Child and Adolescent Health and Development

Child and Adolescent Health and Development

Copyright: © John Hogg/World Bank. Further permission required for reuse
  • It takes some 8,000 days for a child to develop into an adult. Sensitive phases shape development throughout this period, and age-appropriate and condition-specific support is required throughout if a child is to achieve full potential as an adult.

  • Investment in health during the first 1,000 days is widely recognised as a high priority, but investments are often neglected in the following 7,000 days of middle childhood and adolescence.

  • At least three phases are crucial to health and development during the next 7,000 days, each requiring a condition-specific and age-specific response.

  • Broadening of investment in human development to include scalable interventions during the next 7,000 days can be achieved cost-effectively. Two essential packages were identified...

  • Well designed health interventions in middle childhood and adolescence can leverage the current substantial investment in education, and improved design of educational programs can improve health.

 

"A key message of this volume is that human development is a slow process; it takes two decades— 8,000 days—for a human to develop physically and mentally. We also know a proper education requires time. So the world needs to invest widely, deeply, and effectively— across education, health, and all development sectors—during childhood and adolescence. And while individuals may have 8,000 days to develop, we must mobilize our resources today to secure their tomorrow."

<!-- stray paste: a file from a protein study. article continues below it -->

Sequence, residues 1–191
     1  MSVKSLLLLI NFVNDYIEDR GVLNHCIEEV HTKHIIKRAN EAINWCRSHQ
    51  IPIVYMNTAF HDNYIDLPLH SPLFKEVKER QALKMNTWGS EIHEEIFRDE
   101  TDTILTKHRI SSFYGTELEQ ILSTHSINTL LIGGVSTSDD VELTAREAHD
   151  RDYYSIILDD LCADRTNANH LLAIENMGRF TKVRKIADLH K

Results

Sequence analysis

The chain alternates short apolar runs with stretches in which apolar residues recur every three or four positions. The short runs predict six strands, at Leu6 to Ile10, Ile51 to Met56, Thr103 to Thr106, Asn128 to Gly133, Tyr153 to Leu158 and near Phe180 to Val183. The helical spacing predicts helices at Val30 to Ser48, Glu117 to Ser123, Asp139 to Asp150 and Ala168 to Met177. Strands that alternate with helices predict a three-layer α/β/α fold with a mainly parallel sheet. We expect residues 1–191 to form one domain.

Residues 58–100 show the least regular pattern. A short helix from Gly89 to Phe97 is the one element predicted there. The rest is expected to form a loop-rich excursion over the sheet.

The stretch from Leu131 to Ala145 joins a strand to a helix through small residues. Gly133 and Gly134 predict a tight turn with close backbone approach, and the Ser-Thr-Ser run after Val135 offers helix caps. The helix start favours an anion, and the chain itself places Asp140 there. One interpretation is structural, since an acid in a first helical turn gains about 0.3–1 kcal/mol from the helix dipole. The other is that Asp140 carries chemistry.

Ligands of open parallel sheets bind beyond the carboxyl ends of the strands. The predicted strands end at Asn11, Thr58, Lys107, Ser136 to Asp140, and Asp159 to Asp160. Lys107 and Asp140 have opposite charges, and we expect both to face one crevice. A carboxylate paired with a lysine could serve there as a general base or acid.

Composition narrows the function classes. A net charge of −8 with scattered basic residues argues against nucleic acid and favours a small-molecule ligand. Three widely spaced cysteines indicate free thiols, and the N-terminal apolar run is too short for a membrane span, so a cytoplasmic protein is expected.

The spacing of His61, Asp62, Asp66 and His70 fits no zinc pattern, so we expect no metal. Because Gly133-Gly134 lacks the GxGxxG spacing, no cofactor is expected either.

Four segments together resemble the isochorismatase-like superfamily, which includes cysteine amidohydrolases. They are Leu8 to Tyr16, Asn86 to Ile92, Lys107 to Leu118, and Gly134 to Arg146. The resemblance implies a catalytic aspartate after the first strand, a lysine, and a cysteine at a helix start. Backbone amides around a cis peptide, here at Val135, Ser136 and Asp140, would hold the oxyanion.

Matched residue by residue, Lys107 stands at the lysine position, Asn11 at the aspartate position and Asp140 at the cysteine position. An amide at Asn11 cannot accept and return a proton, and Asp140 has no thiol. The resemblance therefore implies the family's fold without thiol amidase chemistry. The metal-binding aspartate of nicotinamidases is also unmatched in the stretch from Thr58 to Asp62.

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Lancet Article on CAHD

Published online 16 November, 2017

Introduction:

Society and the common legal definition seem to have defined maturity correctly: it takes around 18–21 years for a human being to reach adulthood. The evidence shows a need to invest in the crucial development period... 

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Survival Beyond Age 5

 

 

Rate of Survival beyond Five Years of Age

  Source: World Bank indicators. 2016. Education Statistics.

News and Events

Dr. Donald Bundy, lead editor of the DCP3 Child and Adolescent Development volume, addressed the 34th Annual Meeting of the European Society for Paediatric Infectious Diseases (ESPID) as the keynote speaker in Brighton, UK on May 10 2016.
On Friday, May 20 in Geneva, Switzerland, DCP3 and the WHO-Eastern Mediterranean Regional office hosted a policy forum on child and adolescent health and development, which brought together policymakers and experts to share insights and perspectives in order to enhance the relevance and usability...
On March 7th and 8th, 2016, representatives from the DCP3 Child and Adolescent Health and Development volume convened for the Africa Region Roundtable, hosted by the African Union in Addis Ababa, Ethiopia, to validate the three essential packages drafted for inclusion in the volume.

Volume Editors

Susan Horton

Susan Horton
University of Waterloo, School of Public Health and Health Systems

Dean Jamison

Dean Jamison
University of Washington, Department of Global Health

George Patton

George Patton
Murdoch Childrens Research Institute